In the fight over Colorado River water molecules, water rights dictate which direction some of the river flows: west on its natural route from the Continental Divide, or east through
In the fight over Colorado River water molecules, water rights dictate which direction some of the river flows: west on its natural route from the Continental Divide, or east through tunnels to the Front Range.
The next program in the Colorado River District’s “Water With Your Lunch” Zoom webinar series will explore the importance of Shoshone and the Roller Dam to all West Slope water users. Join us from noon to 1:15 p.m. Wednesday, Aug. 5. Panelists for the discussion include Andy Mueller, general manager for the Colorado River District; Mark Harris, manager of the Grand Valley Water Users Association in Grand Junction, operators of the Roller Dam; Faye Hartman, Conservation Director, Colorado River Basin Program at American Rivers and Jim Pokrandt, community affairs director of the Colorado River District.
On the main stem of the Colorado, the most heavily diverted of the river’s basins, two historic structures have much to say about providing water security for Western Colorado. One is the Shoshone Hydropower Plant in Glenwood Canyon. The other is the Grand Valley Diversion Dam in Debeque Canyon, sometimes known as the Roller Dam for its engineering design.
You can register for the seminar at https://bit.ly/
The Shoshone Hydropower Plant holds the oldest, major water right on the mainstem of the river, 1,250 cubic feet a second dated 1902. It is a nonconsumptive water right, meaning the flows into the power plant continue downstream after they spin the plant’s turbines. When river flows ebb after the spring runoff, Shoshone contributes the majority of the Colorado River’s water in Glenwood Canyon. In turn, those flows provide for year-round recreational opportunities and the economic benefits that come with them, on the mainstem of Colorado.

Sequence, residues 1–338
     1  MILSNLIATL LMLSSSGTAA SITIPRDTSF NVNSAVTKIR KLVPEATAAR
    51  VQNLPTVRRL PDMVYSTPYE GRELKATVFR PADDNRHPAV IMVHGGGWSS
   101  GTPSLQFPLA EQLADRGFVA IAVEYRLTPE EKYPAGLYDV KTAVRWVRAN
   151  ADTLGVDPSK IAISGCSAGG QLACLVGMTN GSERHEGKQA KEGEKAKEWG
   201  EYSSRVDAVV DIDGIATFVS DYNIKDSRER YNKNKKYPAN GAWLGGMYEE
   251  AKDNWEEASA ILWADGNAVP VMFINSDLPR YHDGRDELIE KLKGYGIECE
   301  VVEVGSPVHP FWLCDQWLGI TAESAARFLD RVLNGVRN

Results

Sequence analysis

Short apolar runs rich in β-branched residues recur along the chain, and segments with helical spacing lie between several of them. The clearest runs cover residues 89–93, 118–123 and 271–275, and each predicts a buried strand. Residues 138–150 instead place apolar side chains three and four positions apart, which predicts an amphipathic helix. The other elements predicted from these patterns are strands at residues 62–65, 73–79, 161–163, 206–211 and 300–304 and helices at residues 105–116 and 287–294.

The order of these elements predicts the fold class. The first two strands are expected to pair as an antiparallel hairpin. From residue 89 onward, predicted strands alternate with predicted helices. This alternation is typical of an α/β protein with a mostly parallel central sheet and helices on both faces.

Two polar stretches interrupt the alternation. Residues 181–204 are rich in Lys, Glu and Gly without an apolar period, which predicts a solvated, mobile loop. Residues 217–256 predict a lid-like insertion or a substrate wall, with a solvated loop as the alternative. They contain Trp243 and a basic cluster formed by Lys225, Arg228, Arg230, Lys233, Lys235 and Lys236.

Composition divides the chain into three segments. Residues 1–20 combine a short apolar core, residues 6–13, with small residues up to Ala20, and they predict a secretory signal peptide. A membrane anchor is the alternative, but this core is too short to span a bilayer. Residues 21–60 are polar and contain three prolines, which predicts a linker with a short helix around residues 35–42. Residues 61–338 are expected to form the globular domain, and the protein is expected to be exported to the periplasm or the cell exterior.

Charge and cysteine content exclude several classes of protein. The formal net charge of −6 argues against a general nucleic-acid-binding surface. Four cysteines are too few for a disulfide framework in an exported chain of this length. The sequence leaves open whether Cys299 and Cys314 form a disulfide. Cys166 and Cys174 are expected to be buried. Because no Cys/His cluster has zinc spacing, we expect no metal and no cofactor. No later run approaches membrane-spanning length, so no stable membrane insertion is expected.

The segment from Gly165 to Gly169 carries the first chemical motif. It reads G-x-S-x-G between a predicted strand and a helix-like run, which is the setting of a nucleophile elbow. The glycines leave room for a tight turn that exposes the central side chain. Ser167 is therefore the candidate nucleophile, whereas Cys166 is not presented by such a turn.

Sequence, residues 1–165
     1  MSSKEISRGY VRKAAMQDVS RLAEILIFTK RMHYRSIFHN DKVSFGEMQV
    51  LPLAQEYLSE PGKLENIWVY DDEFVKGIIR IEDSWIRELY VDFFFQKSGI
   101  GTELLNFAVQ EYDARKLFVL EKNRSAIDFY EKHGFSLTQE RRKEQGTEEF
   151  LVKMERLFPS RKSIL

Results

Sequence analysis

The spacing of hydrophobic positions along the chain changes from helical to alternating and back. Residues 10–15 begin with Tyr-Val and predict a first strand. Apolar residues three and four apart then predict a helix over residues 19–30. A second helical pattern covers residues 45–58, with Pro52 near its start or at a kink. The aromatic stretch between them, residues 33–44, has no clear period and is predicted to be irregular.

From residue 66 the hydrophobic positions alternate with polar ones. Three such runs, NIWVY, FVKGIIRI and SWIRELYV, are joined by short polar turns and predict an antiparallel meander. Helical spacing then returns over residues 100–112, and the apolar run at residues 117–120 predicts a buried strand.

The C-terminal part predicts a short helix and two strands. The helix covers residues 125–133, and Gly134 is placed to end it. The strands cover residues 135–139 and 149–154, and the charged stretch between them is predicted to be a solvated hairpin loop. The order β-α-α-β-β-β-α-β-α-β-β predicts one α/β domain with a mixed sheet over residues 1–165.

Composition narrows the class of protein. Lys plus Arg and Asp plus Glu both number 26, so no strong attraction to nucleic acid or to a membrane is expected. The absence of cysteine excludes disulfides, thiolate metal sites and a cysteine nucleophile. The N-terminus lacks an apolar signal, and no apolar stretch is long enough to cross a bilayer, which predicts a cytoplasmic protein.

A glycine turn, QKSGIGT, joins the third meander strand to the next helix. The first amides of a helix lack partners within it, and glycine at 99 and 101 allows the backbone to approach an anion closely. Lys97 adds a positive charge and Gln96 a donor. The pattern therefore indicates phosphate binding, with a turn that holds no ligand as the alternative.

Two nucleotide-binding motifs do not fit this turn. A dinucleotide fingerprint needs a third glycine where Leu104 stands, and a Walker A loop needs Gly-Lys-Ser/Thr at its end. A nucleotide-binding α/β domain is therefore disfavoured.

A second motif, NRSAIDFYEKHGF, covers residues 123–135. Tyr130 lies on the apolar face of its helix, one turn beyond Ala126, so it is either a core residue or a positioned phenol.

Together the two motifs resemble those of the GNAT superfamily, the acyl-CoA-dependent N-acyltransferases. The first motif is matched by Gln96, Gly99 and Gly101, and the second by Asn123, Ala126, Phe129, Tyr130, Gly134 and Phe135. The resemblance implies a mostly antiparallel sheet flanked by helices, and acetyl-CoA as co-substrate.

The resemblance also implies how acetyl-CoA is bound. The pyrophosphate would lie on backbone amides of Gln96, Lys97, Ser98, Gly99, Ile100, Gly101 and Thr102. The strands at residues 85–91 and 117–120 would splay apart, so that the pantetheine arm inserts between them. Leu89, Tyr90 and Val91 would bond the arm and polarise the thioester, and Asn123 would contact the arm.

The Roller Dam is where most of a suite of old water rights called the “Cameo call,” are diverted. Some are as old as the late 1800s, some from the early 1900s. Some of this call is diverted farther downstream at the Grand Valley Irrigation Co. intake at Palisade. Much of this water today serves both the abundant agriculture in the Grand Valley, but also municipal use for outdoor lawn irrigation as neighborhoods have been built on top of farmland.
While both structures divert water for modern use, these flows benefit the entire stretch of the river from the headwaters to the Grand Valley. Along the way, the extra water molecules serve wildlife, the ecosystem, recreation and municipal water plants. The more the molecules in each case, the better that resource is.
In each case, both structures command the river, pulling water downstream that might otherwise be diverted to the Front Range through transmountain diversion tunnels. Shoshone and Cameo water rights are filled before these diversions under the prior appropriation system. When either or both rights are calling, junior diverters have to cease or replace the water they take out of priority, keeping our West Slope water flowing east to west.
(Wednesday) 12:00 pm - 1:15 pm MST
Virtually with Zoom
Colorado River District970-945-8522 201 Centennial Drive, Glenwood Springs, Colorado